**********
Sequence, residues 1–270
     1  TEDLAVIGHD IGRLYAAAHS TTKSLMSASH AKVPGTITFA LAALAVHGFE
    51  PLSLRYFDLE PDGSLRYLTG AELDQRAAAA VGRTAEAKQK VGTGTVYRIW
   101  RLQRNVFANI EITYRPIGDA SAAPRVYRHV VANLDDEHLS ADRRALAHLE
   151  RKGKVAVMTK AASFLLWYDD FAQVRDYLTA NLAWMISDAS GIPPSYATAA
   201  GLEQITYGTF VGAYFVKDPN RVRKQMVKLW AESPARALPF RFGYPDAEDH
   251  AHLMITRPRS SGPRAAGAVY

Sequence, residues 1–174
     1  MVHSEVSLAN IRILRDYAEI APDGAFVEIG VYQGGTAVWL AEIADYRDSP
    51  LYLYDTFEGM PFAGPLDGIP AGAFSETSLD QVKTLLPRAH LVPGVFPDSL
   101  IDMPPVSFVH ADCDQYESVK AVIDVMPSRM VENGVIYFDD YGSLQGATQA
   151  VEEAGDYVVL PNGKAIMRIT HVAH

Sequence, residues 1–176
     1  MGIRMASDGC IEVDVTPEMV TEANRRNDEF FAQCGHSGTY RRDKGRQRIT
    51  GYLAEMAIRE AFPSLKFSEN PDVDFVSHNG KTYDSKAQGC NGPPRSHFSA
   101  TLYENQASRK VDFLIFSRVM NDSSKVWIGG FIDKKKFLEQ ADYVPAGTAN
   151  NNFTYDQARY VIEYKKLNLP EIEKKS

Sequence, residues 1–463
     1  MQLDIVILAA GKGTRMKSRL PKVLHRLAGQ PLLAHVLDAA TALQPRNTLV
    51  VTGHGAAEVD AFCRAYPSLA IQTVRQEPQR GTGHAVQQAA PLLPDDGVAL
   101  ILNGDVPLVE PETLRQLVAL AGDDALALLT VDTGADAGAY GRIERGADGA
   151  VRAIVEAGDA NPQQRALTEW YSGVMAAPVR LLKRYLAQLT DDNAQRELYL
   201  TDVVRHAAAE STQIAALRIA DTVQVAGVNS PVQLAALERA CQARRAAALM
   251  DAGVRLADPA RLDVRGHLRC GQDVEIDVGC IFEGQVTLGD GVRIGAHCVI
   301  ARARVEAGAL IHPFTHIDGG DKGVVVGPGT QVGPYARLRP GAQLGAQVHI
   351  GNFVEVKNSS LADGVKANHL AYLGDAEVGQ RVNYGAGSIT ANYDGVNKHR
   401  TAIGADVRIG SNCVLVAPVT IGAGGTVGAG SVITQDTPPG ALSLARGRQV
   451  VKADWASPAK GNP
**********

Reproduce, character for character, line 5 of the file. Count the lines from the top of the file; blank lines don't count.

   151  RKGKVAVMTK AASFLLWYDD FAQVRDYLTA NLAWMISDAS GIPPSYATAA